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Mapped: How much council tax will rise in your area this year

The average annual council tax bill will rise by £106 this year as local authorities struggle to provide frontline services, according to new figures.

The bill for an average Band D property will increase by 5 per cent to £2,171, with all 153 upper-tier councils applying some or all of the social care precept of 2 per cent, statistics released by the Department for Levelling Up, Housing and Communities show.

This means the overall council requirement in England is £41.2 billion - an increase of £2.5 billion on 2023/24 - while average annual bills have risen by 20 per cent since 2020/21.

The Independent has put together this interactive map below which shows the average council tax in all councils in England.

Lighter areas on the map show the councils with the lowest tax, while darker shades show the highest council tax burden.

In London the average annual bill for a Band D property will be £1,422, an increase of 5 per cent on 2023/24.

Metropolitan districts outside London will see an average annual increase of 5.4 per cent to £1,837, while bills in unitary counties with no districts will rise 5 per cent to £1,886.

Meanwhile, the average bill in other county areas will increase by 5 per cent to £1,643, with districts in these areas adding an additional £266.

Councils have warned they face difficult trade-offs due to a prolonged funding squeeze across local government, despite a recent boost of available funding by £600 million.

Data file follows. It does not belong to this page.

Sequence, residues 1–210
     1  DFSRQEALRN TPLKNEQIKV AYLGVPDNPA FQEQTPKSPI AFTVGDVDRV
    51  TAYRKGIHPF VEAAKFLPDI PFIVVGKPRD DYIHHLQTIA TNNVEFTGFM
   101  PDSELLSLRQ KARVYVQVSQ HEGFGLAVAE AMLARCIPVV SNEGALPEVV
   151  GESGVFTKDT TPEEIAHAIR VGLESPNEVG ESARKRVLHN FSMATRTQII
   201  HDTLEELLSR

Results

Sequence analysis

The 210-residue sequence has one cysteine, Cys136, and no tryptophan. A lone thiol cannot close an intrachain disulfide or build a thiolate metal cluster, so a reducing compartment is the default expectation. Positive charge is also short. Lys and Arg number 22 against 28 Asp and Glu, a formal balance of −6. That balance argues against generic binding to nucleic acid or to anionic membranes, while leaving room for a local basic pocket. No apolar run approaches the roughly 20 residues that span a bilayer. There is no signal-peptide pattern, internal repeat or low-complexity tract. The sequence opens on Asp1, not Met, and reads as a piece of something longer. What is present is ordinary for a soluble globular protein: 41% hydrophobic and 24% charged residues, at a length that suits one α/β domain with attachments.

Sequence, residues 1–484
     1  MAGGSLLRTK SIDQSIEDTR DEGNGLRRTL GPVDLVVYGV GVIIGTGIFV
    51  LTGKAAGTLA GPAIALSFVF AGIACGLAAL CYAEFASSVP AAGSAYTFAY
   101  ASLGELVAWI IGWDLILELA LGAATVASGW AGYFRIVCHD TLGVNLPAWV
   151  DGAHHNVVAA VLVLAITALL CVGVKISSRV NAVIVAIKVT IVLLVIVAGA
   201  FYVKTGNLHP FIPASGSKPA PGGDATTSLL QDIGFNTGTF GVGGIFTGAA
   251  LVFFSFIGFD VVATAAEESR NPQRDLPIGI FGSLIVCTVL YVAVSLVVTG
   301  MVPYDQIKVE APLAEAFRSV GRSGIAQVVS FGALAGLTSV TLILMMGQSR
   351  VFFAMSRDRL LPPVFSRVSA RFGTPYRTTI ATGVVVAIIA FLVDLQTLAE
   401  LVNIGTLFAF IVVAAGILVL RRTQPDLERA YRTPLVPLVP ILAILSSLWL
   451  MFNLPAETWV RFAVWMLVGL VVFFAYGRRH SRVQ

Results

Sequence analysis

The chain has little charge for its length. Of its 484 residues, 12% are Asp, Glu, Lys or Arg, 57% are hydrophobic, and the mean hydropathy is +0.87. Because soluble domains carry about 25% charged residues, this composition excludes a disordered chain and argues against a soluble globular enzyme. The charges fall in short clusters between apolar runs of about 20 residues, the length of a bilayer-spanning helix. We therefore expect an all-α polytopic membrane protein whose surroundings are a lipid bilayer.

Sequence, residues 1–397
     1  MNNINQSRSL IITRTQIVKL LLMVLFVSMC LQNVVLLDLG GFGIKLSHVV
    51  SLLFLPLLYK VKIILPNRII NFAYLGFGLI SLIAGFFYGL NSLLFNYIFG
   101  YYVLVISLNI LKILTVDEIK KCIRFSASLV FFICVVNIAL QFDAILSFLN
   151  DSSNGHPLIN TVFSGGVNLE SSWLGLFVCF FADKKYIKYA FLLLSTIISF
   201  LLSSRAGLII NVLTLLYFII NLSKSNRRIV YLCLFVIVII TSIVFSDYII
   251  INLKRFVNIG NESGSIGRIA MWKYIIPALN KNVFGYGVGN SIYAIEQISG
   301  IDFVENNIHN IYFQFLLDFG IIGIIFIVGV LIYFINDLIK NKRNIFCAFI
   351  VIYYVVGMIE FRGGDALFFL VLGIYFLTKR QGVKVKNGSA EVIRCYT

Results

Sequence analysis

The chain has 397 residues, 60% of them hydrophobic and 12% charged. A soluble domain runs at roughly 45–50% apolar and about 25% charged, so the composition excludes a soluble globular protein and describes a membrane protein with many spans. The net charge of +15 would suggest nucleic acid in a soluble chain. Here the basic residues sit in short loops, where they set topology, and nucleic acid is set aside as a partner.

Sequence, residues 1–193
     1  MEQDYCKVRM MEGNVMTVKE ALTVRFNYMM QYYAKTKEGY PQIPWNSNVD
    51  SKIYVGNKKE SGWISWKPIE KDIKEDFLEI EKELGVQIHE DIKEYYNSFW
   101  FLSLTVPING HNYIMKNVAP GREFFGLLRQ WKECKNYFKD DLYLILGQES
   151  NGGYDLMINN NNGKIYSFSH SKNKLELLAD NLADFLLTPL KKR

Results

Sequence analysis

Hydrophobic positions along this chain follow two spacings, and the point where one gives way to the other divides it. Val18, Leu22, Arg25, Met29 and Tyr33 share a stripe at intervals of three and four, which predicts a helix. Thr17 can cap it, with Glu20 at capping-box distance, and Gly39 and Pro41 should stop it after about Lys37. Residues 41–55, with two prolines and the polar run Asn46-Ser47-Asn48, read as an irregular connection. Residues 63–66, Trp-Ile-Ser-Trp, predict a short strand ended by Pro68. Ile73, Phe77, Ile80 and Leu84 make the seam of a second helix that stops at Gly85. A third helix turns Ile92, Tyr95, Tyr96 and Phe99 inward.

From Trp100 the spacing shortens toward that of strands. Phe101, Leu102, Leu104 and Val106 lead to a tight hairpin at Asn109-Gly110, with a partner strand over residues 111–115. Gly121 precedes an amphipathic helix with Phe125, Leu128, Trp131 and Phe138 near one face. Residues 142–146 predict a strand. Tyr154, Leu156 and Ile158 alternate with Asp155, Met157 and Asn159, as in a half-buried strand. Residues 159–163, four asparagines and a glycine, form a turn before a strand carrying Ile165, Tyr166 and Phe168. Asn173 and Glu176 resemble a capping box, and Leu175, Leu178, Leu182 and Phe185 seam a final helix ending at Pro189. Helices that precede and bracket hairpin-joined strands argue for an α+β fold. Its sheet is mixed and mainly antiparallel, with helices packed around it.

Annual council tax increases remained below 1 per cent between 2010 and 2015, but rose to 5 per cent for the first time in 2018/19.

Upper-tier councils currently cannot raise council tax above 4.99 per cent, including the social care precept, without gaining approval from a local referendum.

Parish precepts in 2024/25 will total £783 million, which is £75 million higher than in 2023/24.

Some 95 per cent of councils analysed are planning to raise council tax by 4.99 per cent (Getty Images/iStockphoto)
Some 95 per cent of councils analysed are planning to raise council tax by 4.99 per cent (Getty Images/iStockphoto)

Some councils in severe financial difficulties have been granted permission by the government to increase council tax beyond the 4.99 per cent threshold.

In the last six years, eight local authorities have issued a section 114 notice, which is in effect a declaration of bankruptcy. Prior to 2018, the last time a council had been forced to do so was in 2000.

Birmingham City Council has approved a 9.99 per cent increase – taking annual bills for a Band D property to £1,793.

Shaun Davies, Labour chairman of the Local Government Association, said councils are starting the financial year in a precarious position and scaling back or closing a wide range of services.

“This means many are again left facing the difficult choice about raising bills to bring in desperately needed funding,” he said.

“It is unsustainable to expect them to keep doing more for less in the face of unprecedented cost and demand pressures.

“Keeping councils on a financial drip feed has led to the steady weakening of local services. Local government needs greater funding certainty through multi-year settlements to prevent this ongoing decline.”

Additional reporting by PA